Sentiment in China’s metals markets was buoyant in July and August on easy credit conditions and expectations of further stimulus flowing to infrastructure. But September saw a distinct change of tone as cash flows tightened, demand waned and metals prices came under pressure, leaving the market hoping for better after China’s Golden Week holiday. Paul Bartholomew discusses what could happen in coming months.
Money’s too tight to mention
Beijing unsurprisingly opened the monetary sluice gates to support the economy as China emerged from the lockdown in late March. This had two notable effects on the steel and metals sector: It meant traders were not obliged to hurriedly destock inventories that had built up to a huge extent when there was no downstream consumption; and it induced a sense of “things can only get better” among market participants.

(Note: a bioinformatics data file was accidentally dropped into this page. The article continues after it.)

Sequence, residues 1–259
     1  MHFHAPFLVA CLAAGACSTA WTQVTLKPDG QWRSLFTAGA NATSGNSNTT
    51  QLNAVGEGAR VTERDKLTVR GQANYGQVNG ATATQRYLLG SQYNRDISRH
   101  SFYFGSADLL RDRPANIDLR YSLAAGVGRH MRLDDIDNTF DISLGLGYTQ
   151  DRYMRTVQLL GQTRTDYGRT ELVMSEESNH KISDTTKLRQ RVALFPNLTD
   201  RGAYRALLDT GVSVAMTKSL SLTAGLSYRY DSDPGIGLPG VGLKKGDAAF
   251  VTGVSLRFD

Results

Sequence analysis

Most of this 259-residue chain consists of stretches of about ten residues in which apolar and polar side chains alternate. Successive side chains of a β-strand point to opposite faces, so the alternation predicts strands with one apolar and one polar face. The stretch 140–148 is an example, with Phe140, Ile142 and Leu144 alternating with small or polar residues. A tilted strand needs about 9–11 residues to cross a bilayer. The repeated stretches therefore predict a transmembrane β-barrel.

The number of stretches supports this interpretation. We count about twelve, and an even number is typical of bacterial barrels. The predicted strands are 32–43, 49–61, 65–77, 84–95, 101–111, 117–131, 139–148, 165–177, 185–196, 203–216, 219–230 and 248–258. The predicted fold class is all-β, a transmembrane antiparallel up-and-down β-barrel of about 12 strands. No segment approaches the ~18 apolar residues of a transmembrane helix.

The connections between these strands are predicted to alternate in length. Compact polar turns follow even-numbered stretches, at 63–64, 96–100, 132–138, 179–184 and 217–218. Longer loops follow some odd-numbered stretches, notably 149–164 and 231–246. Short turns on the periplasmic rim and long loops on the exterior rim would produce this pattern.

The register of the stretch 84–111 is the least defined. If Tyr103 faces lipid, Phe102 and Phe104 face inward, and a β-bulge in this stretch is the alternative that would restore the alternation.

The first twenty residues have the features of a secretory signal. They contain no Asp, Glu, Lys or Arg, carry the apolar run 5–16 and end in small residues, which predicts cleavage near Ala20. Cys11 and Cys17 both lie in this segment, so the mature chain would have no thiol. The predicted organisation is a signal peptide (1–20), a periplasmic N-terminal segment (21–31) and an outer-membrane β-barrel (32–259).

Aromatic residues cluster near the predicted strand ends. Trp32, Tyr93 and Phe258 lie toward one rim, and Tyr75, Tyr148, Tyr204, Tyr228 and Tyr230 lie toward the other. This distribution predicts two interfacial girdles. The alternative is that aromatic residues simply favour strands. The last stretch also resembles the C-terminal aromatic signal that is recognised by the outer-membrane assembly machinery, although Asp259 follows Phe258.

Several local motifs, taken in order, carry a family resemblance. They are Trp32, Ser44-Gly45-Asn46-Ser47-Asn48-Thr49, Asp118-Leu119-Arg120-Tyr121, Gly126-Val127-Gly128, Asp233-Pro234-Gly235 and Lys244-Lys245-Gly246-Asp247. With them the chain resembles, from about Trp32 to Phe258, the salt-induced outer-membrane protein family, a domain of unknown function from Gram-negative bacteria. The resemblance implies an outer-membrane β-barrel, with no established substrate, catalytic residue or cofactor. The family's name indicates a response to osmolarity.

“The government will keep stimulating infrastructure”, was an oft-heard comment. China’s steel market was so strong that it became a net importer of steel for the first time in a decade over June-August. In fact, sentiment was as bullish as this correspondent can remember in 12 years of looking at this market.
But things changed markedly in early September, as the impact of
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